- The Washington Times - Tuesday, November 24, 2009

Following Sunday’s 7-6 loss to Dallas, Washington Redskins middle linebacker London Fletcher said in a TV interview that giving up just seven points should result in a win. Secondary coach Jerry Gray was quoted as saying that if his defense holds the Cowboys to seven points and the Redskins still lose, “then something’s wrong.”

The implication seemed clear: What’s “wrong” with the Redskins is their offense, and the defense might be getting just a tad fed up. In the NFL, one side of the ball clearly playing better than the other has been known to cause friction in losing locker rooms.

But Redskins coach Jim Zorn on Monday denied there’s a rift, and Fletcher took the diplomatic route.

“If you really think about it, the offense did enough for us to win the game,” the defensive co-captain told reporters. “We just needed to not allow them to get that touchdown at the end.”

Asked whether that means he changed his mind from Sunday, Fletcher chose his words carefully and said, “At the end of the day, if we keep them out of the end zone, make them kick a field goal, then we win the ballgame.”

But center Casey Rabach admitted to feeling bad about the offense’s performance, not just this game but the whole year.

“Obviously, we’re very grateful of what our defense has been doing for us,” he said. “They’ve kept us in a lot of games this year, and offensively we’ve been struggling. … Everyone wants to hold up their end of the bargain, and on offense it doesn’t seem to be happening. We need to score touchdowns. Field goals aren’t gonna get it done.”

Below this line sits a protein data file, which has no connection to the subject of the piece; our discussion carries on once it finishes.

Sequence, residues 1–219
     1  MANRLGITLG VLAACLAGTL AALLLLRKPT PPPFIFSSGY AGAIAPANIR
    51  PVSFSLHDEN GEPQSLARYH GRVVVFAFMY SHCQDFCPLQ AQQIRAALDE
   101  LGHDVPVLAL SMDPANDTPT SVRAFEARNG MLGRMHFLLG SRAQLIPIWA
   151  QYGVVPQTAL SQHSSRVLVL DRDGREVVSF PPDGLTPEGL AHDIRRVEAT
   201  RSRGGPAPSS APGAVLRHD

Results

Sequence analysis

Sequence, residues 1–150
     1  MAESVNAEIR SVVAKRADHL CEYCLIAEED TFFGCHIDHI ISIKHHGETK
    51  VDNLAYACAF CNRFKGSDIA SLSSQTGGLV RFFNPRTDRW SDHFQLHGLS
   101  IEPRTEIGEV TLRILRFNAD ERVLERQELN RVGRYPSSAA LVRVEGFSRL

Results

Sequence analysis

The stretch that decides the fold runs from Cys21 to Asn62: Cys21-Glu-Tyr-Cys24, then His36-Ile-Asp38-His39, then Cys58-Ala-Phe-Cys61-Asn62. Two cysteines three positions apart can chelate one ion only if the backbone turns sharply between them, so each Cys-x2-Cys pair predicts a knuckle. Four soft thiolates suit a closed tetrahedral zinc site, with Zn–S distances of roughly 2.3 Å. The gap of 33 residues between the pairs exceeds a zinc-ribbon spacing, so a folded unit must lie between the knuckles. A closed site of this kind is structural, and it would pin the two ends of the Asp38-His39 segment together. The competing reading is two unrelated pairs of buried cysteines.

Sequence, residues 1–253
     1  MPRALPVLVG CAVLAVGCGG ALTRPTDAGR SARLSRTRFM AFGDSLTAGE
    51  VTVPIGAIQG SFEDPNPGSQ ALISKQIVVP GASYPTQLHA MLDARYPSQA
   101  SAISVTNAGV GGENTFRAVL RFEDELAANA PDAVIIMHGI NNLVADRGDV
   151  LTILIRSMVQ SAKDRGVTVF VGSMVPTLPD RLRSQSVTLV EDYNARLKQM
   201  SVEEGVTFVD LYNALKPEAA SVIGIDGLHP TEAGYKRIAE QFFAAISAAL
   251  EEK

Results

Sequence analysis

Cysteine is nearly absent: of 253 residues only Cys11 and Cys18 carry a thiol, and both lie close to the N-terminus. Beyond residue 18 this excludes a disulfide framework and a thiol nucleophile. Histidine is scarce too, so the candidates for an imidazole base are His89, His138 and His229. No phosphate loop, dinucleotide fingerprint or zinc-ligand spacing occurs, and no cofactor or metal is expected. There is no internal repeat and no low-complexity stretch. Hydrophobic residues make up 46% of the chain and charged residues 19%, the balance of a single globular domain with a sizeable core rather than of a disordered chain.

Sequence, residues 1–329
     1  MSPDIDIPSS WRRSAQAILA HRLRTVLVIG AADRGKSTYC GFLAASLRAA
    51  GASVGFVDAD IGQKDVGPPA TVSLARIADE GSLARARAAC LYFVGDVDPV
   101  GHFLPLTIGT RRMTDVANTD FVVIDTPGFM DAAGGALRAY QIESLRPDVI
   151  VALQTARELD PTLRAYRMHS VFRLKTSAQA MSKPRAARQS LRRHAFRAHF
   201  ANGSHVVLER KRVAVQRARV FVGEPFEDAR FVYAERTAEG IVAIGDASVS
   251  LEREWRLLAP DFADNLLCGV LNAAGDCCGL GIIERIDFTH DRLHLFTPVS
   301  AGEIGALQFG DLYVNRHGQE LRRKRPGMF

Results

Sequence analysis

Edwin Williams’ chance

After right guard Chad Rinehart broke his right leg during the third quarter Sunday, the Redskins unexpectedly turned to rookie Edwin Williams, the local product who had never participated in an NFL play from scrimmage.

Williams filled in at right guard against the Dallas Cowboys, the team he hated growing up in Hyattsville. Williams attended DeMatha and was an undrafted free agent from Maryland.

“Looking back at it, if you had to pick one game [to get on the field for the first time], that’d probably be the one,” he said.

Will Montgomery has started three games at right guard this season, but Williams might see more time at the position now that Rinehart is on injured reserve after having surgery Monday. Williams, whose first position in center, said he knew he made some mistakes Sunday, but Zorn praised the rookie’s play.

“It feels like sometimes somebody’s writing my story for me,” Williams said. “The only difference is I wish we would have won that game.”

Landry: Williams ‘scared’

Safety LaRon Landry said it was evident Cowboys receiver Roy Williams was reluctant to come across the middle of the field against him Sunday.

With only four passes thrown his way, Williams went without a catch for the first time in his six-year career.

“Yeah, he was scared,” Landry said. “I told him he was scared. He said nothing. … On certain pass concepts, you could tell he didn’t want any part of it.

“I’m not trying to make every wide receiver scared. I mean, that’s what I tell myself I’m trying to do, but my job is to make plays. I’m doing my job.”

Mason re-signed

The Redskins created three roster spots Monday afternoon by placing Rinehart, running back Ladell Betts (knee) and fullback Eddie Williams (leg) on the season-ending injured reserve list.

The team re-signed running back Marcus Mason and added guard Paul Fanaika from the Philadelphia Eagles’ practice squad.

Mason made the Redskins out of training camp and was on the roster for six weeks before getting released Oct. 20. He appeared in three games and carried six times for 19 yards.

Fanaika was a seventh-round choice in April by the Eagles, who play host to the Redskins on Sunday.

Thomas on returns

In the first kick return of his pro career, second-year receiver Devin Thomas ran the second-half kickoff back 38 yards. Now that Rock Cartwright is the starting running back, Thomas figures to get more work.

“It’s real natural,” he said. “It’s an easy way to get me the ball and use my speed and my size, the combination of the things I’m good at, and try to make a big play. I think I did a pretty good job, and hopefully I’ll get more opportunities.”

In 2007, his last year at Michigan State, Thomas ranked 11th in the nation with a 29.2 average.

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